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Need serious help choosing my DSLR...


craigbuckley
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Ok, so I have been researching the past few days and I have been trying to decide on which DSLR camera I want to buy. I have been leading towards the canon 60d with the canon EF 50mm f/1.4 USM (thats about my budget), but I have been reading more that I should spend less on the body and more on the lens...

So with a budget of around $1300 (amazon prices- the 60d and 50mm lens comes to $1250), which camera/lens combination would you choose? I am open for anything and all advice.. Would the t3i or the Nikon D5100 be a better call, and then spend more on a lens?

I am trying to shoot short films and documentaries (interviews) with this camera. I don't have too much lighting right now but I could get some in the future. I have a decent mic... I just don't want to spend too much on a body and then be upgrading in a few years to something better, or vice versa. All help is appreciated, Thanks!


(send me any options of camera/lens combo for a budget of $1300)
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I'd go for GH2, a good patch, and some old SLR primes any day. It has more resolution than the 60D and more options for lenses as opposed to the 60D. You'll be saving money and having more options for the future. Looks like the GH2 isn't going anywhere.

There are lots of good articles on here about the GH2 and how to hack it so read up on those for some good information.
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One of the big pros of the GH2 is the ability to mount almost every lens onto it with cheap adapters. The Canon 60D is much less flexible.

I'm using old Minolta glass I bought on eBay: 58mm 1.4, 28mm 2.8, 35mm 2.8, 45mm f/2, 135mm f/2.8, 50mm macro, 300mm f/5.6. I paid like $250 for everything...

The GH3 will cost 1299 body only, the GH2 is already much less, I don't think it will get much cheaper.
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[quote name='lafilm' timestamp='1348948899' post='19197']
Sorry, no one produces more lenses then Canon. One of the main reasons they have the loyalty from consumer to professional.
[/quote]

While it's true that Canon has more lenses, the GH2 can use a huge variaty of lenses that the Canon can't. Because the micro 4/3 mount is so close to the sensor, It can be adapted to just about any lens type as long as it's a manual lens. The same goes for just about any mirror-less camera.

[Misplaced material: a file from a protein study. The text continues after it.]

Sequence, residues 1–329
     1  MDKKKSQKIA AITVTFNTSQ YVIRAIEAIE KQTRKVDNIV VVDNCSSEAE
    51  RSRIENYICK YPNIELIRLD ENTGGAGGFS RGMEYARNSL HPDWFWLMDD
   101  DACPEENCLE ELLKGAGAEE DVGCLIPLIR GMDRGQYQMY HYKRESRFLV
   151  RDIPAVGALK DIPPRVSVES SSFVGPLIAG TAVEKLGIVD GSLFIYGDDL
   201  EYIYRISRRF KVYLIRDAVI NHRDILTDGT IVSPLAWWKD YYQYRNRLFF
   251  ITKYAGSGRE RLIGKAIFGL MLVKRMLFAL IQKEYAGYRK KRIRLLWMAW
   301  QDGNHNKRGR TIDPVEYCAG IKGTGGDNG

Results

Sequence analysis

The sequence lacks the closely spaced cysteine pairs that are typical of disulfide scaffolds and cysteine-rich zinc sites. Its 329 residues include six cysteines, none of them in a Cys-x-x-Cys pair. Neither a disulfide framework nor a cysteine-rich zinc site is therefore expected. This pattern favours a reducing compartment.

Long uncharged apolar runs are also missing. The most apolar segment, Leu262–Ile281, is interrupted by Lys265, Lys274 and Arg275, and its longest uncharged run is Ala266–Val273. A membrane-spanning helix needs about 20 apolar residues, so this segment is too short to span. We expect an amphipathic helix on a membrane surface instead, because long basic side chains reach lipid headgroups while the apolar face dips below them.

In my opinion, the GH2 has superior video quality (with the hack) then any Canon, Sony or Nikon DSLR. The only problem is that there is a perceived superiority of Canon due to it's popularity as a stills camera and to the fact that it was one of the first to shoot high quality HD video. Because of this you're friends might laugh at you when you show up to shoot video with this little mirror-less camera. I've had my GH1 for less then a month and I've already gotten into it with several Canon guys who are practically offended by the notion that my camera might produce higher quality video. I learned pretty quickly not to argue. ;-)

On the other hand, there's safety in numbers. If you buy a Canon, you will have the peace of mind knowing that just about every other pro photographer uses one too and there are tons of options out there for it. And, chances are you won't even notice the difference because you never look at the GH2 footage along side the Canon footage. I know so many people who shoot with Canons and live comfortably with the footage they get from their camera; never even caring that there is a camera that can produce better video. You probably won't even know that the video isn't as good because DSLRs are just that much better looking then video cameras anyway that that's about all you'll see when you look at the footage. "Wow! it looks so much like film!" was all I could say the first time I saw footage that was shot with a 5D mark II. The other strong positive in favor of Canon cameras is the custom firmware addition, Magic Lantern. It's got some really great pro features like focus peaking and auto metering that make it a lot better to shoot video on.

The other thing I was going to say about Canon is that the sensor is pretty much the same on just about all the APS-C Canon cameras. So, a 7D isn't going to get you any better quality video then a t2i/550D. However, there are features that you may want on the higher end models like the swing out screen or better metering etc. One thing that you should keep in mind too is that Magic Lantern only runs on specific models so you may want to buy one that it supports: http://magiclantern.wikia.com/wiki/Magic_Lantern_Firmware_Wiki
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[quote name='Julian' timestamp='1348952443' post='19202']The GH3 will cost 1299 body only, the GH2 is already much less, I don't think it will get much cheaper.[/quote]

It's officially not produced anymore. Many sellers report it as sold out. Prices for new GH2s rise. People are wary about the GH3s possible shortcomings.